April 23 coronavirus news

21 Posts
Sort byDropdown arrow
11:46 p.m. ET, April 22, 2020

First Indiana Covid-19 infections occurred at least 2 weeks before first reported case, authorities say

The US state of Indiana is working to go back and identify every death they think may have been associated with Covid-19 in order to get a more accurate count, according to Indiana Health Commissioner, Dr. Kristina Box.

Dr. Box said the state has tracked cases that go back to at least mid-February, weeks before Indiana’s first reported case in early March.

"There are other individuals that were in the hospital, that may have been discharged with the diagnosis of Covid-19. And that's what we're in the process of trying to make sure that we know all of those individuals, in addition to those deaths," Dr. Box said.
"Because if we only report on the other suspected Covid-19, or presumed Covid-19 deaths, as other states are, but we don't have that underlying number of other people that were sick but didn't die from it, it's going to really inflate that the death rate number for the states.”

Dr. Box said while Indiana should expect to see an increase in deaths posted on Friday as a result of these efforts, the increase will add fewer than a hundred fatalities to the state total.

Indiana today is reporting 394 new Covid-19 infections, and 31 new fatalities, bringing the state’s totals to 12,438 cases and 661 Covid-19 related deaths.

11:38 p.m. ET, April 22, 2020

"We are clearly not ready to open," Nevada governor says

CNN's Anderson Cooper speaks to Nevada Gov. Steve Sisolak.
CNN's Anderson Cooper speaks to Nevada Gov. Steve Sisolak. CNN

Nevada Gov. Steve Sisolak has spoken out against comments by the mayor of Las Vegas that it is time for businesses -- including casinos -- to get back to work.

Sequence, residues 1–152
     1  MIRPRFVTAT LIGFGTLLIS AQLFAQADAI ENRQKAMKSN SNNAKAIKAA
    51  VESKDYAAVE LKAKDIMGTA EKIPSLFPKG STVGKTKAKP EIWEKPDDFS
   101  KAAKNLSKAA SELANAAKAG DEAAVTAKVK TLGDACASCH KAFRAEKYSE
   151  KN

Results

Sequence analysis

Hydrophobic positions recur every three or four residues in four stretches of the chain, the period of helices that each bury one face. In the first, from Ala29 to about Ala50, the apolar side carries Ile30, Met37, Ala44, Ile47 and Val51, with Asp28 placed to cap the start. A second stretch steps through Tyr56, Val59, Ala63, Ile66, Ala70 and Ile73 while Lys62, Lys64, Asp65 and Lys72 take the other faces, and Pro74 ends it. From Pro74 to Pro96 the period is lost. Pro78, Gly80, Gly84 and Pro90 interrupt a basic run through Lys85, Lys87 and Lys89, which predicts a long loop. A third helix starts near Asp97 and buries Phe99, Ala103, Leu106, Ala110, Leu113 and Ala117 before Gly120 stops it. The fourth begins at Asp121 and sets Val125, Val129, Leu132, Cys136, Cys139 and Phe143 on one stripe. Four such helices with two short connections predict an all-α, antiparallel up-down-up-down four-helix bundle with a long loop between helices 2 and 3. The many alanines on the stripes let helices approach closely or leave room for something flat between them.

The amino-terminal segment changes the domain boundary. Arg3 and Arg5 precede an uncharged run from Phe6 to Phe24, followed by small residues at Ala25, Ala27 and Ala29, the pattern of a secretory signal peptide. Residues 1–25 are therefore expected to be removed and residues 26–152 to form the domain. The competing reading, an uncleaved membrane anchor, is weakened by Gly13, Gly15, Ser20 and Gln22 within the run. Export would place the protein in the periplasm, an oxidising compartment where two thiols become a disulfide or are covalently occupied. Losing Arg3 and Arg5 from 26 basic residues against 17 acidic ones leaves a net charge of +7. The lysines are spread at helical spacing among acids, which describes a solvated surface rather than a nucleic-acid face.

"We are clearly not ready to open," Sisolak told CNN’s Anderson Cooper on Wednesday night.

What the mayor said: Las Vegas Mayor Carolyn Goodman told Cooper earlier Wednesday that the government should end its restrictions, and private businesses would be able to decide for themselves how best to avoid spreading the coronavirus. 

Goodman volunteered her city as a "control group" to see if looser rules resulted in a major outbreak. 

Pushback: But Gov. Sisolak said: "I will not allow the citizens of Nevada -- our Nevadans -- to be used as a control group."

The most prominent casinos of what is known as the Las Vegas Strip sit outside the city limits and are under the jurisdiction of Clark County. The county’s commission chairwoman Marilyn Kirkpatrick issued a statement Wednesday evening saying, "Soon, we’ll be able to invite the world back to our city, but that time isn’t here yet."

Gov. Sisolak said visitors will be welcomed back to Las Vegas, but only when it can be done safely. "We want to welcome them back to the lights on The Strip," Sisolak said, "but that's not today, and that's not tomorrow."

2:01 a.m. ET, April 23, 2020

It's just past 8:30 p.m. in Washington and 11:30 a.m. in Beijing. Here's the latest on the pandemic

Cementery workers bury a coronavirus victim at a cemetery in Tijuana, Mexico, on April 21.
Cementery workers bury a coronavirus victim at a cemetery in Tijuana, Mexico, on April 21. Guillermo Arias/AFP/Getty Images